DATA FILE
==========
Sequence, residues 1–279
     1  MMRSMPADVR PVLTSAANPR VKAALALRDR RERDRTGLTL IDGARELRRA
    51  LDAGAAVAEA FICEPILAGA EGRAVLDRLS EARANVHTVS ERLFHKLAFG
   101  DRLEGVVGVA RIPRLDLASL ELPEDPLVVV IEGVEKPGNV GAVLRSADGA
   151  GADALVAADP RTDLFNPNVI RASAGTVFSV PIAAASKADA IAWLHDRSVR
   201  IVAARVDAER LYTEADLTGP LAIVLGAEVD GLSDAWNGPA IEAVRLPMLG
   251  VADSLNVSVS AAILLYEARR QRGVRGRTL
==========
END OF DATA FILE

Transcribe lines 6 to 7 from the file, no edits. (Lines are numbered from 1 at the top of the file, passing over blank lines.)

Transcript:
   201  IVAARVDAER LYTEADLTGP LAIVLGAEVD GLSDAWNGPA IEAVRLPMLG
   251  VADSLNVSVS AAILLYEARR QRGVRGRTL